Joining forces with a development partner that follows best practices and utilizes development philosophies that align well with your organization is critical. Today, Agile development is a must for most projects, along with Continuous Integration and Continuous Deployment (CI/CD). You should inquire about these elements during the interview process, and understand how Product Managers will translate what they see and hear into artifacts for the rest of the team. You should expect to hear about personas, journey maps, storyboards, wireframes, or mood boards. UX designers should be able to create different levels of “clickable” prototypes, and depending on the project, the detailed graphical work (and code) can often be used in the finished product. The Release Management team should talk about Agile as a fluid practice based on the needs of the team. Inexperienced teams will assume all projects should be done in sprints or on a Kanban board. Ask how long their daily standups typically last. If they indicate anything more than 15 minutes, you should dig into that and understand why. Ask about the types of reporting they can provide you. Burn down charts, time reports, and cost projections should be common things they talk about.

Ask About Code

In terms of actual code, Viagio practices Domain Driven Design (DDD) on most projects and it serves as the foundation for how we model and design systems. Domain modeling is not a new practice nor is it an exact science, but it is amazing how many people struggle with it. When an architect or senior engineer shows you a domain model, it should contain terms that are very familiar to you and you should easily be able to understand the relationships between objects. If it does not make sense, something is wrong. If you have strong architectural resources on your team, you should have them ask the consultant what their approach is to modeling and layering systems. You will want to look for consultants that understand the SOLID principles, loose coupling, OO, interface driven design, inversion of control, dependency injection, and others.  You might also consider asking them what their thoughts are about Object Relational Mapping (ORM) tools or code generation in general. There is no right or wrong answer here, but it is a good question to understand how they think about speed vs. control.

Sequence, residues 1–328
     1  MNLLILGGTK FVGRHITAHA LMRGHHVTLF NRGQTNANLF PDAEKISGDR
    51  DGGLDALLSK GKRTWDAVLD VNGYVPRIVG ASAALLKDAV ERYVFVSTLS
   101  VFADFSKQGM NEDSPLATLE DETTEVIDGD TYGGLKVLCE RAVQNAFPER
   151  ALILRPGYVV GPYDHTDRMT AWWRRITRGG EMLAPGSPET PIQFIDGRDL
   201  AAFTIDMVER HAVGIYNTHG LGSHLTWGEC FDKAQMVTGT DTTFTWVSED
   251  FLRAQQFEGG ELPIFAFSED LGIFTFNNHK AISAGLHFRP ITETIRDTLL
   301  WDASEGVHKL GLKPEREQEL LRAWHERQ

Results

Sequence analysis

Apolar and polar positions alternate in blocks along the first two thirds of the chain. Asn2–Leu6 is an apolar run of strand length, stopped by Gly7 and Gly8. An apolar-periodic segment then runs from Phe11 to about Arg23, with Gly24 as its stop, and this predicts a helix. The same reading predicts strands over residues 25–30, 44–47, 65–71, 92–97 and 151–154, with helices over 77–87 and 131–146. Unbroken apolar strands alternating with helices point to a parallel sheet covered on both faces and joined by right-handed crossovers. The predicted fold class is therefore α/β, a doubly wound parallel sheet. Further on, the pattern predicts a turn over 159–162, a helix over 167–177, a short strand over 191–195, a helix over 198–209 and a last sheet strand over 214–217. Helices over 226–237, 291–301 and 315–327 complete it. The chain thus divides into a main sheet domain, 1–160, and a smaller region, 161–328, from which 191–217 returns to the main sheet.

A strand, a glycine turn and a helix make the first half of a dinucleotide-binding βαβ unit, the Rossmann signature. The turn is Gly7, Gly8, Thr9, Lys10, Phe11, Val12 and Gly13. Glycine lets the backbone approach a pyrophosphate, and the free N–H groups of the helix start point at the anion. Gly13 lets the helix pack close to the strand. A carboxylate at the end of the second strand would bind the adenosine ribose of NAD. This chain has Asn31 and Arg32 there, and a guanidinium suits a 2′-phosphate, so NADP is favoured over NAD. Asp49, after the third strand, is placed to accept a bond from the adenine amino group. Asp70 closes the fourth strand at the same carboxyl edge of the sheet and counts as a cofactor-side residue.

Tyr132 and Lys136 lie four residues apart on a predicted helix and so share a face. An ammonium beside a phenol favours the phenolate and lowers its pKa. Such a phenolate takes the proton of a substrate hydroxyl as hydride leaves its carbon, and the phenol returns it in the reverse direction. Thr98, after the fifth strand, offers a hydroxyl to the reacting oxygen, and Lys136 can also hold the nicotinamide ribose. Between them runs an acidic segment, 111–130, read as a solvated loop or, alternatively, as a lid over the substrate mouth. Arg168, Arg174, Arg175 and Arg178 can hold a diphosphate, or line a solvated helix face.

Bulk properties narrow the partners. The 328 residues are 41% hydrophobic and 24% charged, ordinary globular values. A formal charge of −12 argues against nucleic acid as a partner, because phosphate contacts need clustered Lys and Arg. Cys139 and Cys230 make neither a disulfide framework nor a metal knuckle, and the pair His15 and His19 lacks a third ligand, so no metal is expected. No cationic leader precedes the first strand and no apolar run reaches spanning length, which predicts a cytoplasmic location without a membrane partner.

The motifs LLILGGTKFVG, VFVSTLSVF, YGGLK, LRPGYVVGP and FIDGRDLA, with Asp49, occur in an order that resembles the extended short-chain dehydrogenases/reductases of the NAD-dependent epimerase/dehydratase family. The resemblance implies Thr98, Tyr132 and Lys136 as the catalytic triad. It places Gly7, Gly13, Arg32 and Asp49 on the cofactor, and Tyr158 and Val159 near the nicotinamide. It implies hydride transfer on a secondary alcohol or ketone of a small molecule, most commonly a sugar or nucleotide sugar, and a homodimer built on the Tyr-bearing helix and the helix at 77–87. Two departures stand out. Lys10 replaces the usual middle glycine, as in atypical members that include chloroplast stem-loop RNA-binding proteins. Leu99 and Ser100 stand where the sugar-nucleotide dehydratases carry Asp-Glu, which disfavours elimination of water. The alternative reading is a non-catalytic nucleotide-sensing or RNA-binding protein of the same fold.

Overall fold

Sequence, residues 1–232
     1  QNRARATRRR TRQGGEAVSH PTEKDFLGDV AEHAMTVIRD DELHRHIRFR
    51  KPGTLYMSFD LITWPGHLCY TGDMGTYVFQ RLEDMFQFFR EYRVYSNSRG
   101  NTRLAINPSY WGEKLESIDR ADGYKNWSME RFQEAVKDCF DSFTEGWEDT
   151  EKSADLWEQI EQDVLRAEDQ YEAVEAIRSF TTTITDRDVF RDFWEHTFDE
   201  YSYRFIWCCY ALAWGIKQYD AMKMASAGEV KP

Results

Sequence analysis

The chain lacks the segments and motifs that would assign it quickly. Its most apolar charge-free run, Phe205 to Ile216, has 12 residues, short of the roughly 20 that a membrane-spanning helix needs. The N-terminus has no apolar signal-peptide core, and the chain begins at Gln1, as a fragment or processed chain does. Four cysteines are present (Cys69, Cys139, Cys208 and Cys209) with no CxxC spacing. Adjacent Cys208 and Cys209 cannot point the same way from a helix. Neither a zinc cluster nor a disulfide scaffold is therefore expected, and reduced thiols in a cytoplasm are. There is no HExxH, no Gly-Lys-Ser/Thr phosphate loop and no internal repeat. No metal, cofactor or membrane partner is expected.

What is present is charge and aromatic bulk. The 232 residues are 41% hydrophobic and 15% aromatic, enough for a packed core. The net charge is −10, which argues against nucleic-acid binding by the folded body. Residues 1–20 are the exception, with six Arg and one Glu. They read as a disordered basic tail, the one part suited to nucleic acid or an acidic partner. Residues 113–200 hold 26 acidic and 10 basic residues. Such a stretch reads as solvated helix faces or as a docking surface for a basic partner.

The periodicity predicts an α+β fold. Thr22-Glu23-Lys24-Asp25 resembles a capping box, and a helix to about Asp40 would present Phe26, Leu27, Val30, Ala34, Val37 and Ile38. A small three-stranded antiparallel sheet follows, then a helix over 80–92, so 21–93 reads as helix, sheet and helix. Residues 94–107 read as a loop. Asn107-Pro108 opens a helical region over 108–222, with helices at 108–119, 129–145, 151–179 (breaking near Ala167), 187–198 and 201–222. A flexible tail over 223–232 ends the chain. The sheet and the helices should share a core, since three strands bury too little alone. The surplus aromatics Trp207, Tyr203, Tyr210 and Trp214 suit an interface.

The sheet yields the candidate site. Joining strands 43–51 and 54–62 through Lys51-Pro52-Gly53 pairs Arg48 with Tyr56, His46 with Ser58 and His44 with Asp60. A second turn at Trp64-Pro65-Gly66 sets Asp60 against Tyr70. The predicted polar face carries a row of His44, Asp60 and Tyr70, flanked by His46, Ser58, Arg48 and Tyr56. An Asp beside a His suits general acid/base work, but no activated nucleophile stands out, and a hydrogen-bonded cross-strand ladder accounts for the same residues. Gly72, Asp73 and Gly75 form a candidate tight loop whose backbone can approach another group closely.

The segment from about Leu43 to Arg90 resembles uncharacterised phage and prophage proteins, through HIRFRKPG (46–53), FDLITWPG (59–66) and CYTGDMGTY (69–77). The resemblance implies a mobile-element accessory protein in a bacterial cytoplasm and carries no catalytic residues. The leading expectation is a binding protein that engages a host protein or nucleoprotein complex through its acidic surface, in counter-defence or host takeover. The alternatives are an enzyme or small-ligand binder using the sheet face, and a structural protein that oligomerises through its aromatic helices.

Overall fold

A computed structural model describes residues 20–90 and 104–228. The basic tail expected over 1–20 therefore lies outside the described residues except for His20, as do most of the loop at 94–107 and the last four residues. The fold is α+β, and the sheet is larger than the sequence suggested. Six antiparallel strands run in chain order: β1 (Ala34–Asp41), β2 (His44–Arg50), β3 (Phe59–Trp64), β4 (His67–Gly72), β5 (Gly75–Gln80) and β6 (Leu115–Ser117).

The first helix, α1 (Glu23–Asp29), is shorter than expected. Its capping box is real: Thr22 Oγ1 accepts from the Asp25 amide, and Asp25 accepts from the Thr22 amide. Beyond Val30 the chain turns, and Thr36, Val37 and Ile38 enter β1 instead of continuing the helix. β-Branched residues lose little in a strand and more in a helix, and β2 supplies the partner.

Prioritize Communication

Communication surrounding complex topics is critical to any project. Really good code reads like poetry and working with it is fool proof. One test I like to give people is to have them explain what the cloud is. They will struggle a little at first to figure out where to start, but given a few minutes, they should be well on their way to describing aspects of AWS, Azure, GCP, etc. If they don’t, they probably don’t understand it themselves or they aren’t very good communicators.  Either way, it is a red flag.

Chat About Security

What is their philosophy about identity and login? In general, logging in is one of the top targets on an application’s threat model. Do they want to integrate with an existing identity management system or roll their own? (Hint: do not roll your own unless you have a really, really, really good reason to do so.) You may also ask them their thoughts regarding data protection (at rest and in-flight), PHI, PII, PCI, COPPA, or other standards that are relevant to the project.

Don’t Brush Over Technology Expertise

Don’t assume anything about their know-how in the technological space. Viagio has more of a purist approach to development and we stress fundamental patterns and principles over standardizing on one technology stack. This not only maximizes the projects we can handle, but it promotes one of our core principles of using the best tool for the job. “Best” may be different from one client to the next, even if it is the exact same project. You may not want to introduce an entirely new technology to your organization if you don’t have to.

What About Price?

You may be saying to yourself, “what about price?” That is of course a factor, however, as you start to get answers to the questions above, you will quickly realize that you typically get what you pay for. Many projects start with the lowest bidder and then need major overhauls 6 months later. Spend the dollars where your team needs the most help or where you want to invest the least time managing.

Why are you seeking a development partner? What are your company’s needs? Finding the right fit is no easy task, but it is well worth the time and energy spent asking all of the right questions. Speak up, go with your gut, and make the smartest decision for your future.